Bibliographic databases contain contain (abstract or full-text) or index journal articles, reviews, books, book chapters, or other secondary works.
In some cases, librarians are called upon to assist users in the development of bibliographies. Or, use bibliographies as a way to share resources. Although many different techniques can be used to generate these works, it’s a good idea to begin with the basics. The Reference and User Services Association (RUSA) has developed guidelines for the preparation of bibliographies. Although general in nature, these guidelines should be the starting point for your work.
Read Guidelines for the Preparation of a Bibliography (2010) from ALA at http://www.ala.org/rusa/resources/guidelines/guidelinespreparation.
Think about how these would apply to your discipline. Are there exceptions that would need to be made for the types of writing done in this area?
Subject-matter librarians spend much of their time working with scholars on an activity known as "citation chasing". According to Reitz (2014), citation chasing is "a legitimate research technique in which the bibliographies of works already located in a literature search are examined ("mined") for additional sources containing further information on the topic."
There are two approaches to citation chasing: forward and backward.
Forward citation chasing involves seeking out sources that cite an article. The frequency with which an article is cited is one indicator of its importance in the field.
For my research class, I'm supposed to select an important article in the field and figure out the impact of that article. How do I do this?
Do some forward citation chasing. Use citation indexes to help you find articles that have been highly cited. Then, look at some of those articles to see how and why they cited the original article.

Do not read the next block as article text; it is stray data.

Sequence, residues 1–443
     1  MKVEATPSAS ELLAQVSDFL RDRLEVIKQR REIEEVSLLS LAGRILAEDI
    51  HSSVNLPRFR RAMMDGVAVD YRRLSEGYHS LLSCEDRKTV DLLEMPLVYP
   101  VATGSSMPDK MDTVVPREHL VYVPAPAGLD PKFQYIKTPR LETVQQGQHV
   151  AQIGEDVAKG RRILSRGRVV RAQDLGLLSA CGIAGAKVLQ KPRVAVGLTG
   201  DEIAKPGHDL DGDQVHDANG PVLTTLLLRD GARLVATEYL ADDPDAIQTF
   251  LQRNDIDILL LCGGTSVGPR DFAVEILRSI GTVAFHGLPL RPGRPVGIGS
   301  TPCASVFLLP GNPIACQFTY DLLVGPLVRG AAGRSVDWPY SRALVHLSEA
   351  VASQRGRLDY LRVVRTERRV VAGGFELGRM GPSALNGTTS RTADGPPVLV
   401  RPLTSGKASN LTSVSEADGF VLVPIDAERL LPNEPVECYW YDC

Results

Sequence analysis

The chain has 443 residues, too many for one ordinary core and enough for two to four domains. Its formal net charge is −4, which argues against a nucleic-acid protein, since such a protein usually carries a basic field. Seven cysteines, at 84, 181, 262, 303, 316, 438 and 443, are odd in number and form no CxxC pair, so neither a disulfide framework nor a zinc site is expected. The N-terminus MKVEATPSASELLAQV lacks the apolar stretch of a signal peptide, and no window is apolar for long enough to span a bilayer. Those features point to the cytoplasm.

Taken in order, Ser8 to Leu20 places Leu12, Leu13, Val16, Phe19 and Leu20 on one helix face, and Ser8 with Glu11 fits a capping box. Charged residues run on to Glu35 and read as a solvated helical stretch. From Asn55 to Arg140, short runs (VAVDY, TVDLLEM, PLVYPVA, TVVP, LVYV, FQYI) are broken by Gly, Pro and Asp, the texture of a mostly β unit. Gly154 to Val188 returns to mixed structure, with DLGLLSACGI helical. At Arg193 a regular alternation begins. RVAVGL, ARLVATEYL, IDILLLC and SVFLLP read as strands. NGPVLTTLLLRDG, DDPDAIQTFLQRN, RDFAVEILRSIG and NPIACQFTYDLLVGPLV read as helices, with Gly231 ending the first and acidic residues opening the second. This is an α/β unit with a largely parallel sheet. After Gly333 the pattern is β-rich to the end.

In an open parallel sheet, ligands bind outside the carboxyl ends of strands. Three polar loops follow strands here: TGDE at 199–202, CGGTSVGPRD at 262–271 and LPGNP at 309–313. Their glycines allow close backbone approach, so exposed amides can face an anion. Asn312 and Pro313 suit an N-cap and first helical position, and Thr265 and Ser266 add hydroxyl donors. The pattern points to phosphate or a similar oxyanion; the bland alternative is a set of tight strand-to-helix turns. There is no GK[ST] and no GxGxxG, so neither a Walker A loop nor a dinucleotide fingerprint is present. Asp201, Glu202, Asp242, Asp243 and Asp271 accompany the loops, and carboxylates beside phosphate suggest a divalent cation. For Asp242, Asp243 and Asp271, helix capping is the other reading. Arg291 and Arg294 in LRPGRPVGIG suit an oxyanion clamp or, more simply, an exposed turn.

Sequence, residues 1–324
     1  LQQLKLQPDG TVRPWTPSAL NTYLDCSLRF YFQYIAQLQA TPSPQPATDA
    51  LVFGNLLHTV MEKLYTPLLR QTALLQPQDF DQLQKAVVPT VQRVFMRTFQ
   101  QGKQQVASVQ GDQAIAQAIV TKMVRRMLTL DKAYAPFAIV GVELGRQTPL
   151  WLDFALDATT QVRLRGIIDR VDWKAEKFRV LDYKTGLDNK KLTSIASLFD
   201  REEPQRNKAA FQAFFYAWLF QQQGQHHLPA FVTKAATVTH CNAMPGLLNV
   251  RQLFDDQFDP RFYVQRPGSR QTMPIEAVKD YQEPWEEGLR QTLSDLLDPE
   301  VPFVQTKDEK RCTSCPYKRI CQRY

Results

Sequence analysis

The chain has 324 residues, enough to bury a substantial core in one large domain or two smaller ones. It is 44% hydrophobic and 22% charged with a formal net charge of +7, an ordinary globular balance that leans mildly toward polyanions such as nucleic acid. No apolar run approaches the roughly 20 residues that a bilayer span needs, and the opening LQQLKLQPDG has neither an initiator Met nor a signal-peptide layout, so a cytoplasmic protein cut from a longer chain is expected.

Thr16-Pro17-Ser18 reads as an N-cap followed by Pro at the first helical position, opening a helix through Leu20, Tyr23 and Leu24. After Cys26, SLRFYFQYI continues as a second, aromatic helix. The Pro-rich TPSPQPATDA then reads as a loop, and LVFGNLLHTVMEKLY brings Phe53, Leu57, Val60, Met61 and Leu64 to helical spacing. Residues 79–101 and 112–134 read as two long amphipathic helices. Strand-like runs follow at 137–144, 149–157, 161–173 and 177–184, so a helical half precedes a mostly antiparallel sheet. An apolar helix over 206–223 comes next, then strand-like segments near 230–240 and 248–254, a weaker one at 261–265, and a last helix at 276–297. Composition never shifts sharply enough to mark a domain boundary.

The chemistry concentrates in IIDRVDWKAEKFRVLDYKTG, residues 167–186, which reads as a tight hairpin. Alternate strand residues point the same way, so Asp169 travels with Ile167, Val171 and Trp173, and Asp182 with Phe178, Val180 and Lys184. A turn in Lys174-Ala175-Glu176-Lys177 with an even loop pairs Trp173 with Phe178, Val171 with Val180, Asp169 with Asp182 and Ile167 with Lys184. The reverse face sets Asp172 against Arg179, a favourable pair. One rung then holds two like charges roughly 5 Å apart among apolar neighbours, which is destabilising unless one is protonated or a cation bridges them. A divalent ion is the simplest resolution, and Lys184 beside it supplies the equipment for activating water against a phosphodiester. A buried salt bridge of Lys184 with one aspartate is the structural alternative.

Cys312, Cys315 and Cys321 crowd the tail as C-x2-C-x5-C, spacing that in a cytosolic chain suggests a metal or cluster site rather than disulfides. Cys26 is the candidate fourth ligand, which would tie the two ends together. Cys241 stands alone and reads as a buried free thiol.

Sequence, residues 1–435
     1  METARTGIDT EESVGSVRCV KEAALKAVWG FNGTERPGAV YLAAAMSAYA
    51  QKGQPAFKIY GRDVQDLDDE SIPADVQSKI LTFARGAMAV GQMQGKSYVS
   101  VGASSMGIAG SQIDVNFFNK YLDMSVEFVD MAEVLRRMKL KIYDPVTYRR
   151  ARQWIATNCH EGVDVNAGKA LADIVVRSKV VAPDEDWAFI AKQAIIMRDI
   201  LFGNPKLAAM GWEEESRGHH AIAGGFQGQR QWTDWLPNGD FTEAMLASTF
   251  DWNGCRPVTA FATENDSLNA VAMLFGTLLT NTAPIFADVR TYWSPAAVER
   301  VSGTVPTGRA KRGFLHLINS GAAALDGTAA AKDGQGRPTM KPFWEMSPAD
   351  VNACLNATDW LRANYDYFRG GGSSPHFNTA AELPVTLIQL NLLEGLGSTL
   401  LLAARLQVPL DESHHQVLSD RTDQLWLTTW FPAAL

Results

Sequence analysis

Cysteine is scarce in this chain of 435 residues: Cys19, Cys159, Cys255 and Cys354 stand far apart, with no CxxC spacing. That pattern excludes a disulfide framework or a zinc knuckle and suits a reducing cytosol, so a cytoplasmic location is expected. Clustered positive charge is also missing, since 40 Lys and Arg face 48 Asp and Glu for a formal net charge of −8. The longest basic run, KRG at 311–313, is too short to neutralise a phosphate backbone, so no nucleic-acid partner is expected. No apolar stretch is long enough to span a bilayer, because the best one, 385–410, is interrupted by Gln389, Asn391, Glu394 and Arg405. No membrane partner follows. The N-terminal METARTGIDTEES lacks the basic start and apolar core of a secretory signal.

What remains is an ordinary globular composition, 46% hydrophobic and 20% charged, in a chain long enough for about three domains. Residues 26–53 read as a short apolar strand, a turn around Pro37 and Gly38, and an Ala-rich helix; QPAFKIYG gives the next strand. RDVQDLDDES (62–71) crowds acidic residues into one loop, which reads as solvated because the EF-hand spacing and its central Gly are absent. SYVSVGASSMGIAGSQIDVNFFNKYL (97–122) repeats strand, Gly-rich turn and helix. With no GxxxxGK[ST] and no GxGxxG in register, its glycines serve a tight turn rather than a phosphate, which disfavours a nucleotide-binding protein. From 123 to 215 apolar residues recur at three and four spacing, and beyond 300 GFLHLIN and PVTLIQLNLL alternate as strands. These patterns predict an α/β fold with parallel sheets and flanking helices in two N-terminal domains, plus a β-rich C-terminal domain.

The Bottom Line... An article that has been highly cited has had an impact on the field. However, it's up to the researcher to determine whether the impact is positive or negative.
Backward citation chasing involves locating sources cited within an article. Most scholarly articles contain a bibliography or reference section. Scholars use this citation list to locate articles that provided background information or essential ideas to the article.
I just read an outstanding article, however I'm concerned about whether the arguments are based on evidence. How can I tell?
Do some backward citation chasing. Look for the bibliography at the end of the article. Then, search for these articles and examine the information the author used to come up with his or her arguments.
The Bottom Line... Unless the author provides notes or other details about the articles used, it's only possible to make inferences about the information drawn from earlier articles. However, it's a great way to gather background information.
Citation Linker is a tool offered by many libraries. It's designed to help you find a journal article, book, dissertation, or patent from a citation. Just enter the information about the citation such as the title, author, and journal. Then, the system will show you if the library provides access to the item.